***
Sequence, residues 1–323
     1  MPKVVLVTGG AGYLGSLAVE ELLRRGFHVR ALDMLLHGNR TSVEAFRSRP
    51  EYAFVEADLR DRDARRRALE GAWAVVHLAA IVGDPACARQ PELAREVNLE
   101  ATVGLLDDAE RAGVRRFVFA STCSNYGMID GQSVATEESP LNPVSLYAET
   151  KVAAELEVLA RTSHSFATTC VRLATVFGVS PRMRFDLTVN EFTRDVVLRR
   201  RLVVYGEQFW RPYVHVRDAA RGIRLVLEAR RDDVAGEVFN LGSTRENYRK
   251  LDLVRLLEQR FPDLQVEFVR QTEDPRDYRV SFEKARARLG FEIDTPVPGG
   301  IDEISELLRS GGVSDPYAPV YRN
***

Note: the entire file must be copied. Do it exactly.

Sequence, residues 1–323
     1  MPKVVLVTGG AGYLGSLAVE ELLRRGFHVR ALDMLLHGNR TSVEAFRSRP
    51  EYAFVEADLR DRDARRRALE GAWAVVHLAA IVGDPACARQ PELAREVNLE
   101  ATVGLLDDAE RAGVRRFVFA STCSNYGMID GQSVATEESP LNPVSLYAET
   151  KVAAELEVLA RTSHSFATTC VRLATVFGVS PRMRFDLTVN EFTRDVVLRR
   201  RLVVYGEQFW RPYVHVRDAA RGIRLVLEAR RDDVAGEVFN LGSTRENYRK
   251  LDLVRLLEQR FPDLQVEFVR QTEDPRDYRV SFEKARARLG FEIDTPVPGG
   301  IDEISELLRS GGVSDPYAPV YRN